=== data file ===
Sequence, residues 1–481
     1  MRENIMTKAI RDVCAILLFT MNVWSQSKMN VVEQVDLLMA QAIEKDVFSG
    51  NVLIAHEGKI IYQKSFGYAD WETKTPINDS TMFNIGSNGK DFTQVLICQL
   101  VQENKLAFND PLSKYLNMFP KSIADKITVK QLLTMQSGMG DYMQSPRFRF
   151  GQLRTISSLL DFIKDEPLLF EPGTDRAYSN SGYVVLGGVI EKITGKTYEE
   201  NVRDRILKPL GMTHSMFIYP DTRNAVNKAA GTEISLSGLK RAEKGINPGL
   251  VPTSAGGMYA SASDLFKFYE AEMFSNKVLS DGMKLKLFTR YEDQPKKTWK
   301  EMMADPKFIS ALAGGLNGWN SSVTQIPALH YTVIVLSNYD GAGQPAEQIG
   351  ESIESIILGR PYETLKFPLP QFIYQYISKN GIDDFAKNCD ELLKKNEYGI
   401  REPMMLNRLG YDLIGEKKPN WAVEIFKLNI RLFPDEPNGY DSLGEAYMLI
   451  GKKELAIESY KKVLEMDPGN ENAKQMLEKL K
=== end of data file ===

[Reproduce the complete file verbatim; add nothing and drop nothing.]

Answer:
Sequence, residues 1–481
     1  MRENIMTKAI RDVCAILLFT MNVWSQSKMN VVEQVDLLMA QAIEKDVFSG
    51  NVLIAHEGKI IYQKSFGYAD WETKTPINDS TMFNIGSNGK DFTQVLICQL
   101  VQENKLAFND PLSKYLNMFP KSIADKITVK QLLTMQSGMG DYMQSPRFRF
   151  GQLRTISSLL DFIKDEPLLF EPGTDRAYSN SGYVVLGGVI EKITGKTYEE
   201  NVRDRILKPL GMTHSMFIYP DTRNAVNKAA GTEISLSGLK RAEKGINPGL
   251  VPTSAGGMYA SASDLFKFYE AEMFSNKVLS DGMKLKLFTR YEDQPKKTWK
   301  EMMADPKFIS ALAGGLNGWN SSVTQIPALH YTVIVLSNYD GAGQPAEQIG
   351  ESIESIILGR PYETLKFPLP QFIYQYISKN GIDDFAKNCD ELLKKNEYGI
   401  REPMMLNRLG YDLIGEKKPN WAVEIFKLNI RLFPDEPNGY DSLGEAYMLI
   451  GKKELAIESY KKVLEMDPGN ENAKQMLEKL K